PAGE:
That’s the biggest chunk of dead weight taken care of. The episode opens with Cathy and Paul going at it in bed, with so much enthusiasm that, for a moment, she’s afraid she might have killed him. He’s not dead, though, just winded and, at the same time, surprisingly quiet. If he’d been that quiet when he was having his heart attack, the people at the insurance company would have thought he was just asserting his right as an American to take a floor nap. Having checked his pulse, Cathy asks him, “Do you think we’re crazy to be talking about adopting a kid?” Paul doesn’t think so, but he may not be the best person to have a vote. If these people are talking about adopting a kid, that might make a nice break, since mostly all they talk about is how they narrowly cheated death but still have one foot a piece in the grave. That doesn’t make it any less worrisome. Does the show think they’re nuts? More to the point, does the show know they’re nuts? How close to I Am Sam territory are we meant to be getting into here?


Both Cathy and Paul deal with their disappointment in their own ways. Cathy heads straight to Lee Tergesen’s bar, now firmly established as her personal Dreamatorium, where she goes to lie her ass off and give us a glimpse of the life she sometimes wishes she had. (She tells Tergesen that her son, Adam, is in pre-med, and that she also has a daughter, who’s nuts about ballet.) She also steals some paperwork from her doctor’s office and tries to forge an official statement to the effect that she’s healthy enough to adopt. Paul is quick to tell her that this is crazy, and it’s a sad day for anyone when Oliver Platt is their voice of reason.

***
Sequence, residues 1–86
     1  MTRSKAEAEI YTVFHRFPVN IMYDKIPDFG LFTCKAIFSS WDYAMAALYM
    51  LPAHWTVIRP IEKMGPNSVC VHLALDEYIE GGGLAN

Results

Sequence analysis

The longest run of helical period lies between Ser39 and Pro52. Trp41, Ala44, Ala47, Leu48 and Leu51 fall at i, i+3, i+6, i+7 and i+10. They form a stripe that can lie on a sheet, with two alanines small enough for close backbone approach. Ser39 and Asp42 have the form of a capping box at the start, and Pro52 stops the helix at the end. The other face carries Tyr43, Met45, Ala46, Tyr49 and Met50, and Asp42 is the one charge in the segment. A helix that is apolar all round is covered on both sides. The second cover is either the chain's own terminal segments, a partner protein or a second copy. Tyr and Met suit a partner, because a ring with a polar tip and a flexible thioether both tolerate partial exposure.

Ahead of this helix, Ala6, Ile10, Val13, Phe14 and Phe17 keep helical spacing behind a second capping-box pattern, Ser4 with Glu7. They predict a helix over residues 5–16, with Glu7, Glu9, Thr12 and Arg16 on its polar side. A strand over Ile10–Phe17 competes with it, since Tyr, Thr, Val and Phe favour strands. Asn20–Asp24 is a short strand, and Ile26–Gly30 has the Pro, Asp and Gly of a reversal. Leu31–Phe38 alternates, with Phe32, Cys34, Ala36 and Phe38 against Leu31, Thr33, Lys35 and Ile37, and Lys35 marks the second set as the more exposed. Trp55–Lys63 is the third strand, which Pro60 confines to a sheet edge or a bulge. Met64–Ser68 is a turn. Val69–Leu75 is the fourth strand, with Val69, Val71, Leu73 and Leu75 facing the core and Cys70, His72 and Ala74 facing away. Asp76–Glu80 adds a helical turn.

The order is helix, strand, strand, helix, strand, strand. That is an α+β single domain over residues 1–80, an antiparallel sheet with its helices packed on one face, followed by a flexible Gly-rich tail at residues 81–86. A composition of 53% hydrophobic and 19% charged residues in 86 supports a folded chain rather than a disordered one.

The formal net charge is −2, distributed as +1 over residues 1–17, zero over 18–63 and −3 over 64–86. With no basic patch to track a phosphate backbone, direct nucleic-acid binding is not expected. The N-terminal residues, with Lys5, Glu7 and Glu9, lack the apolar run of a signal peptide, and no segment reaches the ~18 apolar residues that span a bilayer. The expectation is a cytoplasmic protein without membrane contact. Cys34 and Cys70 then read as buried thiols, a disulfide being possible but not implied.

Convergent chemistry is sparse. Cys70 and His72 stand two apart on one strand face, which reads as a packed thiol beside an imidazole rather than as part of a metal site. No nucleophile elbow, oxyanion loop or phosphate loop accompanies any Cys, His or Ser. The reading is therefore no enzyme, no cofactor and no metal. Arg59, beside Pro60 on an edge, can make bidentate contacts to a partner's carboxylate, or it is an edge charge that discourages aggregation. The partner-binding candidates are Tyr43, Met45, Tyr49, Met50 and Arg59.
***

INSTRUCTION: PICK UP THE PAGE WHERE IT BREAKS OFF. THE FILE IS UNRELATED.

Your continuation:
Platt, once again, gives this episode its brightest moment, when he and Cathy attend one of Joy’s seminars and she pulls him onstage to talk about how having slow-danced with death has affected him. Platt makes a meal of it: Speaking extemporaneously, Paul struggles to find any words, then gets in touch with his inner life cheerleader and steadily builds a stirring monologue about how he saw the light at the end of the tunnel before returning from the ecstatic relief of being “enveloped” in “every wonderful thing you can think of” and “came back to my bills and my problems and my bullshit,” before realizing that he has no right “getting stressed out about anything, when I know that light is waiting for me.” By the end, he looks ready to start his own religion. That might be a good idea for a show, though it might mean dropping the focus from Cathy. Even she might think that’s not a bad idea.